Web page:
Mexico in shock over fake news story of Frida Sofia, girl trapped after quake

The media reported a 12-year-old girl trapped under the rubble of her former school, but they may have been wrong

By Matthew Rozsa

Staff Writer

Published September 22, 2017 6:29PM (EDT)

A building that collapsed after an earthquake in  Mexico City. (AP/Rebecca Blackwell)
A building that collapsed after an earthquake in Mexico City. (AP/Rebecca Blackwell)

Media reports about Frida Sofia, a supposed 12-year-old girl stuck under the rubble of her former school after a terrible earthquake on Tuesday, may have been false.

Although Mexicans were captivated by the story of the little girl struggling to stay alive while rescue crews attempted to retrieve her, it soon became clear that she may not exist at all, according to The Los Angeles Times. There was no student at the school registered under the name Frida Sofia, no frantic parents were found and no one had reason to believe any children were alive beneath the former school.

As the Times reported:

Much of the story appeared to originate from reporters for the Televisa network. They said on social media that the girl told rescue workers that she was with five other classmates.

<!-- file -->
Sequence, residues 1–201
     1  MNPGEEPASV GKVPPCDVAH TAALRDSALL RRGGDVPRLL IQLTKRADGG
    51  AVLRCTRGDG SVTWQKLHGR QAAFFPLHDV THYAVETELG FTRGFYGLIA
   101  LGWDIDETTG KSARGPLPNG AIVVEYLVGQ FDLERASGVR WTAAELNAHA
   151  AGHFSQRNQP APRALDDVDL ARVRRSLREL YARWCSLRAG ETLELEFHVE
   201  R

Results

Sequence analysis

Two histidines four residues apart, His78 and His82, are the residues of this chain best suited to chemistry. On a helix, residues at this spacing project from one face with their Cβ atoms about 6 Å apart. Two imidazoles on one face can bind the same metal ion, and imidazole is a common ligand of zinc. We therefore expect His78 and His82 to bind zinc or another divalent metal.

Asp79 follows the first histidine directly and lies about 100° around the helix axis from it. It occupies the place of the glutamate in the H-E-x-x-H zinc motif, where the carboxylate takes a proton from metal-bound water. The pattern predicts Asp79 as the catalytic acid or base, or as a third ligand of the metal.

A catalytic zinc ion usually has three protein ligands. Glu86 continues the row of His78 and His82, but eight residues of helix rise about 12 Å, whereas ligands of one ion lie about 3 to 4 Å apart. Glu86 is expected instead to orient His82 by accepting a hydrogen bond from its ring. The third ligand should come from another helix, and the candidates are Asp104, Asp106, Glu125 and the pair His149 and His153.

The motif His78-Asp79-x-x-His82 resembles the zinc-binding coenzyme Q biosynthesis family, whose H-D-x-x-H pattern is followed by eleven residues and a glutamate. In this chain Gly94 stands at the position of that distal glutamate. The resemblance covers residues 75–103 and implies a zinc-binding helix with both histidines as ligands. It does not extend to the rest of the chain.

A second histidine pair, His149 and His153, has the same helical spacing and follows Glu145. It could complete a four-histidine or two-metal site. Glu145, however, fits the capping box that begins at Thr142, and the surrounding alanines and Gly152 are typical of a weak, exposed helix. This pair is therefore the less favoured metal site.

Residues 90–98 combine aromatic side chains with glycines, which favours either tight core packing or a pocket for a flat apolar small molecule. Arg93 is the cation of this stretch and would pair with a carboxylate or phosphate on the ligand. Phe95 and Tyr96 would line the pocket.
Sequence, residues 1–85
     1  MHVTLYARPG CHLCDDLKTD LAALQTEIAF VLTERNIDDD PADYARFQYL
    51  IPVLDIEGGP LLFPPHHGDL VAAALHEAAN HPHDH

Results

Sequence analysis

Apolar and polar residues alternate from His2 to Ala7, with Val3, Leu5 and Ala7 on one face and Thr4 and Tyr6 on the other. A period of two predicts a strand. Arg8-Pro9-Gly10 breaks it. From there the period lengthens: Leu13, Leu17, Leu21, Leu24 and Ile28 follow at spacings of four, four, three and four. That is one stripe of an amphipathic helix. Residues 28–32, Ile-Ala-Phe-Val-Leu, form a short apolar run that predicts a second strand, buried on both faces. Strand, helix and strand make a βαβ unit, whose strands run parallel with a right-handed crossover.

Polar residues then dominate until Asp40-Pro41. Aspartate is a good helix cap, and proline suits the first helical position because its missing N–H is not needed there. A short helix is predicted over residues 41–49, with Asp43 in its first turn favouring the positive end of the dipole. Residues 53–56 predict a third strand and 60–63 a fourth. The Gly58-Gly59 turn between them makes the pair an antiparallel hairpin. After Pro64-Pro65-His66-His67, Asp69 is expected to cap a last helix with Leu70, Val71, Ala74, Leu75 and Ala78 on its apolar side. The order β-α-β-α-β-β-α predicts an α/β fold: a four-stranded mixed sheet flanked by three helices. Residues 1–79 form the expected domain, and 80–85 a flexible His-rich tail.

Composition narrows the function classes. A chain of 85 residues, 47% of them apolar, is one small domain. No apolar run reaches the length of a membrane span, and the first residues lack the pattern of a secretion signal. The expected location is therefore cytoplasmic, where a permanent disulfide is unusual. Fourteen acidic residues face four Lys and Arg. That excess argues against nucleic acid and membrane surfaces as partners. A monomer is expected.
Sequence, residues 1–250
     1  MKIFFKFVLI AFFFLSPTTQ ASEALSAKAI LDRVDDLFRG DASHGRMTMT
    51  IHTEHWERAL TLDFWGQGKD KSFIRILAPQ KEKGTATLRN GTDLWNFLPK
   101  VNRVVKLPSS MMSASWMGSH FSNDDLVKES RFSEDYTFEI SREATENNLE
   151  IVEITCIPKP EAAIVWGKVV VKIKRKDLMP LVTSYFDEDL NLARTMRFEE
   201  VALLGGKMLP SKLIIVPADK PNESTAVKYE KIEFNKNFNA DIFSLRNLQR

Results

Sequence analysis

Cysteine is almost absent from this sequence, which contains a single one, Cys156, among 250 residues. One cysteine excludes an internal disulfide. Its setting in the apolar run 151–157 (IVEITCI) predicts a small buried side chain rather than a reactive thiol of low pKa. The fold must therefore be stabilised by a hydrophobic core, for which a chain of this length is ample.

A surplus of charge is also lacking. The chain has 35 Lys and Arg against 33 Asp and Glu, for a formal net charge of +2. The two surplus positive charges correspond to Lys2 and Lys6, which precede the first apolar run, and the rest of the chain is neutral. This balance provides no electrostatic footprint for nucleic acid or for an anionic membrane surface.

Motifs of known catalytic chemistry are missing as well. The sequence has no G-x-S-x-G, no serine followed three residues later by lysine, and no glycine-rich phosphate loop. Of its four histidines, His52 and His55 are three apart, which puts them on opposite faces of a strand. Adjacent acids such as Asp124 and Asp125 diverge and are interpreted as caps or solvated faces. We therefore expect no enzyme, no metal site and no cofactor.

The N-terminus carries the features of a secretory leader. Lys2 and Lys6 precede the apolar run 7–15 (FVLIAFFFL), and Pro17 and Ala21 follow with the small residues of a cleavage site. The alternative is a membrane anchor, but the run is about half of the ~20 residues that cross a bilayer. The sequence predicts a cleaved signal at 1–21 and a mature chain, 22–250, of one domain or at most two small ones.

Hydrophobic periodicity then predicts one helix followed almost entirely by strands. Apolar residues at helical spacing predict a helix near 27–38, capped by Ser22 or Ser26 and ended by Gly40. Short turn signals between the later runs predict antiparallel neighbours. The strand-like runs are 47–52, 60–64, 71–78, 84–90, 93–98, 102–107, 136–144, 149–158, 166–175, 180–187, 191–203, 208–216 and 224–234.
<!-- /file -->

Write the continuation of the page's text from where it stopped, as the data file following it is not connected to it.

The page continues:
News that there apparently was no living girl under the rubble prompted a new social media eruption, this one of outrage.

“Fake news,” many people tweeted.

Much criticism has been leveled at the Mexican deputy minister of information, who along with other government officials gave conflicting accounts as to whether there were children caught alive under the rubble of the former schools. Members of the Los Angeles County Fire Department had even been sent to the school with canines but were unable to find any signs of life, although they were only able to access 75 percent of the wreckage.

Tuesday's earthquake was measured at a 7.1 on the Richter scale, according to ABC News. It destroyed 44 buildings throughout Puebla state in central Mexico, centering around Raboso, which is roughly 75 miles south of Mexico City.

The current death toll is 286 people, with 1,900 being treated at hospitals in Mexico City so far.

By Matthew Rozsa

Matthew Rozsa is a staff writer at Salon. He received a Master's Degree in History from Rutgers-Newark in 2012 and was awarded a science journalism fellowship from the Metcalf Institute in 2022.

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Earthquake Frida Sofia Mexican Earthquake Mexico